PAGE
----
Bayside of South Sacramento Church prides itself on having a close connection with both its community and its police. And twice a year, the congregation hosts dinners for Sacramento police officers.
But in the wake of the March 18 fatal police shooting of Stephon Clark, the grandson of a member of the congregation, Pastor Darryl Scarbrough said some congregants were asking if that tradition would continue.
It will, he said Sunday, because it's critical that the relationship fostered by the church remains intact.
"There are people who do good things and people who do bad things," he said in an interview with The Bee between services. "There are officers who do good things and officers who do bad things. We can't punish the good officers for the actions of those that may be bad. So we're still going to (have the dinners)."
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Scarbrough said his chief goal now is for his flock to show love and support for Sequita Thompson, Clark's grandmother, and her family.
"She is our first priority because she's family. And so our concern and our responsibility is to her and that family first as they grieve," he said.
Thompson had attended the 11 a.m. service at the church known as BOSS last Sunday, hours before Clark was killed. She told a Bee reporter she’d returned home and shown Clark a video of his younger sister dancing to gospel music.
Clark, 22, was shot by two officers who were searching for a man suspected of breaking windows in the neighborhood. They encountered him on the 7500 block of 29th Street and chased him into Thompson’s backyard. He was carrying a cellphone, which the officers mistook for a gun before firing 20 shots at him.
Police video released days after the encounter shows that the officers and their backup waited at least five minutes before getting Clark first aid, not realizing that he was unarmed.
Scarbrough’s sermon reminded the congregation of God’s love for all creatures. He urged people to focus on the injustices in the system, rather than condemning individuals within it.
He also encouraged members of the congregation to protest if they feel they need to, but asked them not to “break anything.”
In the interview, Scarbrough emphasized the need for dialogue between the community and the police.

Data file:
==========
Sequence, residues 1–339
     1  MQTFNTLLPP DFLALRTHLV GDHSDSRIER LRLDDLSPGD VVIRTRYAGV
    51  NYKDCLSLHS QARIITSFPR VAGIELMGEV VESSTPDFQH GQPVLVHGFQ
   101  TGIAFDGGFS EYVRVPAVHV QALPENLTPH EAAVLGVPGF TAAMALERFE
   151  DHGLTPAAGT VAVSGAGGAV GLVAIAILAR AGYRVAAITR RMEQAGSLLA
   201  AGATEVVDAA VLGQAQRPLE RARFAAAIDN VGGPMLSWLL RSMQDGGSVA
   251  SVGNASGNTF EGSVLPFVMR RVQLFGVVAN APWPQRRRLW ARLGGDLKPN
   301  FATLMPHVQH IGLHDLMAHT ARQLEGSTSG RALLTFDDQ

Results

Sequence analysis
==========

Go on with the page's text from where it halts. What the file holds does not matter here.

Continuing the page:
"The only way any relationship solves conflict is through communication, and you can't communicate if you're not connected," he said. "So even in the hardest of times, relationships are fixed by having tough conversations."
On Thursday, protesters shut down Interstate 5 during rush hour before turning their attention to the Golden 1 Center. Forming a human chain, they blocked ticket holders from reaching the arena for the game between the Sacramento Kings and the Atlanta Hawks.
On Sunday, before an afternoon game, members of the Kings and the Boston Celtics wore shirts in Clark’s honor. Former Kings players DeMarcus Cousins and Matt Barnes have offered to pay for Clark's services.
The shooting and subsequent days of protest have brought national attention to California’s capital city. The Rev. Al Sharpton, a civil rights leader and host of an MSNBC show, said Sunday he intends to be present when Clark is laid to rest on Thursday.
Clark’s family has retained attorney Ben Crump, who represented the families of other high-profile police shooting victims, such as Michael Brown and Tamir Rice.
Crump, fellow attorney Dale Galipo and Clark’s family will hold a press conference Monday morning in front of Sacramento’s federal courthouse.
Scarbrough said Sunday that Sacramento Police Chief Daniel Hahn called him a couple of days after the shooting to make sure the family had a safe space to grieve.
He said actions like that make him believe that Sacramento has a chance to set an example for the rest of the country.
"I think that once the dust settles a little bit that we'll be able pull off something that the nation hasn't seen," he said.
Bee reporter Nashelly Chavez contributed to this story.
Ellen Garrison: (916) 321-1920, @EllenGarrison